Back in February, the State Department spent more than $15,000 for the first family to stay at the Trump International Hotel in Vancouver. The enormous tab went toward booking 19 rooms at the new hotel, where members of Trump's family headlined its grand opening. The Washington Post obtained information about the hotel bookings through a Freedom of Information Act request, just revealed Thursday.
In attendance at the hotel's grand opening were two of the president's sons — Donald Jr. and Eric — along with their wives, and the president's youngest daughter, Tiffany. The Trumps attended a ribbon-cutting ceremony on Feb. 28, followed by a VIP party hosted by Malaysian developer Joo Kim Tiah. They were accompanied by a heavy security presence.
According to The Post, this more-than-$15,000 expense was the State Department's first such expense incurred at a Trump-brand property since Trump's inauguration in January. However, the State Department refused to provide any further information about its presence at the Trump hotel or about who stayed in the reserved rooms.
“Embassy and consulate personnel work with the Secret Service to provide assistance on security matters as necessary for conditions in the particular host country,” a State Department official told The Post. “Our policy is not to discuss the details of security matters.”
Secret Service spokesman Joseph Casey confirmed that although it is the agency's job to protect the president and his family, they do occasionally collaborate with the State Department "in facilitating our security plan” for international trips.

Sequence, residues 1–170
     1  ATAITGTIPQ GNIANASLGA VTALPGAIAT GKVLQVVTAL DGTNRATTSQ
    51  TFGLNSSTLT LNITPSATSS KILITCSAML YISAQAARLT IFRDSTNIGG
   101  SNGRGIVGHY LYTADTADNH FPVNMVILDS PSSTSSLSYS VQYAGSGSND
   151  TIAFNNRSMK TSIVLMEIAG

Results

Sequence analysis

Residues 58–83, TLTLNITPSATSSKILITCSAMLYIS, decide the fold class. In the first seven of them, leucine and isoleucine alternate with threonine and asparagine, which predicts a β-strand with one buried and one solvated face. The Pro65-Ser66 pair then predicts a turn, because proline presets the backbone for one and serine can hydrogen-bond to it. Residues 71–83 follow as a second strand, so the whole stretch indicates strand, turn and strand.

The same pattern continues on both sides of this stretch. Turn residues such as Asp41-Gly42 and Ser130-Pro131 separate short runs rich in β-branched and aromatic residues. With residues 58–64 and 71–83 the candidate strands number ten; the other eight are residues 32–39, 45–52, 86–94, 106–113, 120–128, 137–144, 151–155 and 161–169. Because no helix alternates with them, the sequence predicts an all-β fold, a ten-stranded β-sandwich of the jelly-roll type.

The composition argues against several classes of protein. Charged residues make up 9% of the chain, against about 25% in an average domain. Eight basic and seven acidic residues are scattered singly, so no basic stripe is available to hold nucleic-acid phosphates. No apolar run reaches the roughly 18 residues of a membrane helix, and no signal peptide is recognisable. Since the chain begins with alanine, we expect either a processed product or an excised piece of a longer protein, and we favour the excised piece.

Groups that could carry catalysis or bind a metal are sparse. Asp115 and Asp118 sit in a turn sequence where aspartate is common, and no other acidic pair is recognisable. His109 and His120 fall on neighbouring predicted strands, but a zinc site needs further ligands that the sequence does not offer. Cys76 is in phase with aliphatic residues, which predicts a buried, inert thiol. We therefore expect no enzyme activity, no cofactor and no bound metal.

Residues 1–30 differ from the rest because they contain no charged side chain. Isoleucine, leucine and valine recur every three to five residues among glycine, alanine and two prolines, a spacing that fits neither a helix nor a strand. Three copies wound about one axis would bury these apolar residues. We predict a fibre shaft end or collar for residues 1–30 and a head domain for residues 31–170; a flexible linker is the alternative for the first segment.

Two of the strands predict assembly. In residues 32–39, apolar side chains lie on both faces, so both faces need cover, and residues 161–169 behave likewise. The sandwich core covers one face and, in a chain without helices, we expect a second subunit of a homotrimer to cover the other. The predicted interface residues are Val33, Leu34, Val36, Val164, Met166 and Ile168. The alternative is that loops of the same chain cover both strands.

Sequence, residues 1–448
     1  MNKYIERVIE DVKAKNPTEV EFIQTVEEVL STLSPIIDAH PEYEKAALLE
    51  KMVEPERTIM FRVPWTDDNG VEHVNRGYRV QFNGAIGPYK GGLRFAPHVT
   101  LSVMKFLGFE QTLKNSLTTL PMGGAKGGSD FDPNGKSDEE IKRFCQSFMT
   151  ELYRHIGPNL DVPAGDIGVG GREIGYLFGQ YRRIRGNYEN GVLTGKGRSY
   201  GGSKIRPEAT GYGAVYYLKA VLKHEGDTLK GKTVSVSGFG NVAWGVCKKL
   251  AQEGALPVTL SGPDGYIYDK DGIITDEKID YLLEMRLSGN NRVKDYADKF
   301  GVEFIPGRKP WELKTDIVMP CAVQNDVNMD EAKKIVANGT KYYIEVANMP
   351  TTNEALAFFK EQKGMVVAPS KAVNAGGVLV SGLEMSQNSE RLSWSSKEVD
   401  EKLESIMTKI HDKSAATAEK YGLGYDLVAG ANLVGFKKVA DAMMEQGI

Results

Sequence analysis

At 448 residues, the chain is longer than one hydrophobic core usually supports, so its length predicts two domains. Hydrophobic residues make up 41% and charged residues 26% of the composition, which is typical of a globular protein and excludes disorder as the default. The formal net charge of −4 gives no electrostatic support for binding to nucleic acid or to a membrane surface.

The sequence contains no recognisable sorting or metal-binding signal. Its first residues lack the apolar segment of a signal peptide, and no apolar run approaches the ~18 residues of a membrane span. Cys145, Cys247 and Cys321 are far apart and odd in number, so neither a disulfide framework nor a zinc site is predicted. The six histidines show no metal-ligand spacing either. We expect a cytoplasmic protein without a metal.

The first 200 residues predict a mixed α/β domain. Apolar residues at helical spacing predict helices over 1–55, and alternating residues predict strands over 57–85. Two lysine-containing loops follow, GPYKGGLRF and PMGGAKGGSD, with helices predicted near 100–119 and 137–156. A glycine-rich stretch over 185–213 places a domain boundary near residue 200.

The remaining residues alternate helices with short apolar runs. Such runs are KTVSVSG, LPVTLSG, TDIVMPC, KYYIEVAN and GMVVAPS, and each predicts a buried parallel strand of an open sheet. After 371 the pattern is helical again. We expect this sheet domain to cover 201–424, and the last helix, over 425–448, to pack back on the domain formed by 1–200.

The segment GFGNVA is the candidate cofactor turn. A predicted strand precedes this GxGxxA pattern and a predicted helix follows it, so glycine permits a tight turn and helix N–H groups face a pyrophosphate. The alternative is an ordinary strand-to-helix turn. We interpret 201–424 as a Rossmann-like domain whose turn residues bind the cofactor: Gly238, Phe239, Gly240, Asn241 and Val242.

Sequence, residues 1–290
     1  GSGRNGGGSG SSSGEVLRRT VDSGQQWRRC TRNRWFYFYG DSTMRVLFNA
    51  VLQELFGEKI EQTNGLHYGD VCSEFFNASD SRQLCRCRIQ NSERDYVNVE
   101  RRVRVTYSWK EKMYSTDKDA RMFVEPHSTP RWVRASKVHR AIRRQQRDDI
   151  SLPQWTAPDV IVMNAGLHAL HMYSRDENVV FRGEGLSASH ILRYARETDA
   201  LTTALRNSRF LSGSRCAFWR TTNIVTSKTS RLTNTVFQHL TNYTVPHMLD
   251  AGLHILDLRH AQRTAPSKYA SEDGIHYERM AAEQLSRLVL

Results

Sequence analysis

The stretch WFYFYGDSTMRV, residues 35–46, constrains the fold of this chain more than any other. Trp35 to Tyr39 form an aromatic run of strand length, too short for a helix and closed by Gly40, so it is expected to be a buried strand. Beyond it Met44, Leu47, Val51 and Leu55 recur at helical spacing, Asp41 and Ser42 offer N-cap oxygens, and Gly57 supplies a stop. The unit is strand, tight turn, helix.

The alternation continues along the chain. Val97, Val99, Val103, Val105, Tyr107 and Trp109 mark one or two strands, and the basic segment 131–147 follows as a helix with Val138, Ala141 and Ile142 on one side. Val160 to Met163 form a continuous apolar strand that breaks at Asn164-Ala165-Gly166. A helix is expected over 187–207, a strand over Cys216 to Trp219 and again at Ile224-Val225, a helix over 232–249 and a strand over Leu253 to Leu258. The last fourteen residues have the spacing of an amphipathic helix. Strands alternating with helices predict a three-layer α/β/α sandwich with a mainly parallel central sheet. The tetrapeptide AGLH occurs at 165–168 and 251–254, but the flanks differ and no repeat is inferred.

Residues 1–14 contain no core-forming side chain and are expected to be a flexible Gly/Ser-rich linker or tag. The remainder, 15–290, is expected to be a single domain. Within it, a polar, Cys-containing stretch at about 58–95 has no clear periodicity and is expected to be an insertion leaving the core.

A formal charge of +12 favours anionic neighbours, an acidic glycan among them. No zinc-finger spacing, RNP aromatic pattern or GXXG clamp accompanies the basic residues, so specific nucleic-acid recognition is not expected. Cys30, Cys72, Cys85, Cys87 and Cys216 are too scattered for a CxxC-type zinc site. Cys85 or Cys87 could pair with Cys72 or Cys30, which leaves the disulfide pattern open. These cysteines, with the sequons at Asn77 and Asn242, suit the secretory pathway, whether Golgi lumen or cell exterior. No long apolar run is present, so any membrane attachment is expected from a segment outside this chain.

It is not the State Department's involvement that is controversial, however, insomuch as its dealings with a Trump-brand property. Although the Trump Organization — which is in a trust controlled by Donald Jr. and Eric — does not own the Trump International Hotel and Tower in Vancouver, Trump has a licensing deal with the hotel and has reportedly earned $5 million in royalties from it since 2016.
This is also not the first time that the Trump Organization has benefited from Trump's presidency. Since Trump took office, his sons have gone on business trips to Dubai, Vancouver, Uruguay, and Ireland to promote Trump hotels and the family's business empire. As a result, the Secret Service has had to use taxpayer dollars to fund their protection, even though this money has indirectly fueled the promotion of the Trump brand.
Even before news of the State Department's expenditures in Vancouver broke, Walter Shaub, Jr. — the director of the Office of Government Ethics who just resigned — said that Trump needed to divest more completely from his business or risk the trust of the American people.
"You can't be sure, and so it almost doesn't matter whether they are profiting or not," Shaub told CBS News' Julianna Goldman last week. "America should have the right to know what the motivations of its leaders are, and they need to know that financial interests, personal financial interests, aren't among them."